The story of Dutch-born Elizabeth Maas, an early aviatrix who died in Nelson in November 1993, is hard to pin down.
Mrs Maas was awarded the honour of Righteous Gentile at a special Holocaust ceremony in Wellington in 1985 for hiding Jewish people through the war.
Her certificate of honour issued by the Commission of Homage – set up by Yad Vashem, the Authority for the Commemoration of the martyrs and Heroes to determine the Righteous Gentiles – was also based on the testimony of witnesses.
It paid homage to a woman who “by endangering her own life rescued persecuted Jews from the hands of the Nazi oppressor during the Holocaust of Europe”.
Like Mrs Sipos, she was granted the Medal of the Righteous among the Nations of the World and had a tree planted in her name in the Avenue of the Righteous on the Mount of Remembrance in Jerusalem.
Holocaust commemorative reports describe briefly how she hid one Jewish family from the bombardment of Rotterdam.
The husband, a tailor, had later given himself up fearing his presence would endanger them all. Two children had been moved to another safe house.
In Buchenwald the Germans had put the father to work as a tailor, making uniforms.
“He was useful to them so they allowed him to live,” said Mrs Maas. “He survived, but weighed only 35kg at the end of the war.”
While the bombs of May 1940 ravaged the city and evacuees jostled among the ruins to escape, Mrs Maas opened her house to “many other Jews sought by the Germans.
An old friend, interviewed by The Dominion, described a crowded, busy house always open to evacuees, whether Jewish or Gentile.
At one stage rationing had stopped and the whole house had to survive “on a packet of matches” for a month.
The families had survived by going in to the country and swapping personal property for food with the peasants.
She had temporarily moved to The Hague, then to her parents’ house near Arnhem where she had continued to take in people hiding from the Mazis.
To illustrate the dangers, Mrs Maas recalled firing a cleaning woman for stealing meagre food supplies. The woman had gone to the Gestapo and reported her for harbouring Jews.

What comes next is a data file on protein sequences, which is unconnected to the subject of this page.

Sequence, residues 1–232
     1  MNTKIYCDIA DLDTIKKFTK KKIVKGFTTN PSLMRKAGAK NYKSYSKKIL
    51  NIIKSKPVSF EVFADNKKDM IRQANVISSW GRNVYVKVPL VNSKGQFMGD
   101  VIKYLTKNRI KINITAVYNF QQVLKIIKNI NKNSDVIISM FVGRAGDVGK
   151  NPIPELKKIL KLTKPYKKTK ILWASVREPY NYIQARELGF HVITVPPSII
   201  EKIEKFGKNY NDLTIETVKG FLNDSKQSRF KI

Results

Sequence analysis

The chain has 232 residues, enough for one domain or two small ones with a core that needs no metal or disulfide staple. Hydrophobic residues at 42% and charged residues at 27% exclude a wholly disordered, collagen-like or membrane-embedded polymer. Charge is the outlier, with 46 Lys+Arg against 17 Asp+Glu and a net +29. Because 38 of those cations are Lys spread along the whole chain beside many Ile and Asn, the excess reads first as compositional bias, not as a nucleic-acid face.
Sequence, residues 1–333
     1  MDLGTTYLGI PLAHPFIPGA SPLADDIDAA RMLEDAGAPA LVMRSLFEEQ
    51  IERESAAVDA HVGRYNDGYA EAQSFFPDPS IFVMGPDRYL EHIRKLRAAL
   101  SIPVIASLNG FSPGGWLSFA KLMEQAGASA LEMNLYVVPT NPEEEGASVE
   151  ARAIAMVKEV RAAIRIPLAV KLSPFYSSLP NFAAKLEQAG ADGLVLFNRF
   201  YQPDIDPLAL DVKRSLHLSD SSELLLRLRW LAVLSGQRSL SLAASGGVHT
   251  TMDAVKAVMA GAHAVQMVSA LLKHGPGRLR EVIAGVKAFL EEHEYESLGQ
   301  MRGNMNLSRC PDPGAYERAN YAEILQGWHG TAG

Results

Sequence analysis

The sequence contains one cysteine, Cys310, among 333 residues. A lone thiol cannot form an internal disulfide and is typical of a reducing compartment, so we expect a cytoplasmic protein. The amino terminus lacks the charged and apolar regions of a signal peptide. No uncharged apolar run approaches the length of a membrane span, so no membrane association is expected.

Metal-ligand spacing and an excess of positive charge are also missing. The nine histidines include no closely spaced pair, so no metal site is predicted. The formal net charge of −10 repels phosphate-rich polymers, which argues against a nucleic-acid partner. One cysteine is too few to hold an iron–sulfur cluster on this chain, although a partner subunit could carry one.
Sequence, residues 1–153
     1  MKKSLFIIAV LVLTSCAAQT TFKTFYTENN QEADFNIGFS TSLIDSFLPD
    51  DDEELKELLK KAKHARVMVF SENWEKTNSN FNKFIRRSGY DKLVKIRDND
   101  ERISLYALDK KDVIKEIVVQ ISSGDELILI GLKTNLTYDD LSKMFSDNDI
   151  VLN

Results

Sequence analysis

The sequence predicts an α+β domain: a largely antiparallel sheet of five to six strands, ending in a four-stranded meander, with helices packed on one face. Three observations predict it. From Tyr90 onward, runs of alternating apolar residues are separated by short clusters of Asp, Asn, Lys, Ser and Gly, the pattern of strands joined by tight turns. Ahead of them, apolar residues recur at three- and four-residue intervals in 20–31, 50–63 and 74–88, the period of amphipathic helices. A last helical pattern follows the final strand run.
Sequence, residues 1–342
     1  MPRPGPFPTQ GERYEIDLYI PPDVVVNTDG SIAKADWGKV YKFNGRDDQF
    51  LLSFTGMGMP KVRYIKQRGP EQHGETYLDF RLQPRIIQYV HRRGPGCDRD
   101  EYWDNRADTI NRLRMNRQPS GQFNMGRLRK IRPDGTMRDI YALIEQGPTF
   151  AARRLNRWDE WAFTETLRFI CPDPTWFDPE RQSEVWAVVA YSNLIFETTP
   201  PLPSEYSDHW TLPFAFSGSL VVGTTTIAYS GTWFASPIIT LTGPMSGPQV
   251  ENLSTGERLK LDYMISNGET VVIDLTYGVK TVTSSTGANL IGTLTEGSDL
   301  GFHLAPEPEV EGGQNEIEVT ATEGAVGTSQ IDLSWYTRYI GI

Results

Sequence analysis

“That evening there was shooting and banging on the doors,” Mrs Maas said at the citation ceremony. “It was a very frantic moment.”
The woman she was harbouring at the time, Clara, had a designated place to hide in the cellar, but instead panicked and ran outside and hid in the snow.
Mrs Maas and her family ran into her room, stripped it and dumped everything in the attic.
“They looked everywhere and they never found anything,” Mrs Maas said. Clara had come back to the house and peeked in only a foot away from the back of a soldier.
The Germans never found any of the people Mrs Maas hid.
Asked about her courage years later, she said: “I saw cattle trucks and Jews being rounded up in the cities to be taken away. It was horrible – a dreadful time.”
Interviewed at length before her death for the National Library’s oral history archives, she dismissed her war efforts in a couple of sentences.
“I had Jewish people staying with us right through the war and we were hiding them,” she said matter of factly.
“I’m not going to say a lot about those years because I could write a book about them.”
The war was a time of intense personal tragedy. Mrs Maas’s husband, an aircraft designer, had, with three others, attempted to sail to England believing he could help in the war effort.
The men had built a remarkable small boat designed to look like a fowl house to fool local eyes. They set sail but were never seen again.
After the war, fearing Russian tyranny would supersede German, Mrs Maas sailed for New Zealand in a small boat with her son and a new husband.
The boat became disabled in a typhoon near Bermuda, leaving the group to be rescued by a Norwegian trawler which towed them to New York from where they flew to New Zealand.
By Alan Samson
The Evening Post, Wellington
Published with the permission of The Dominion Post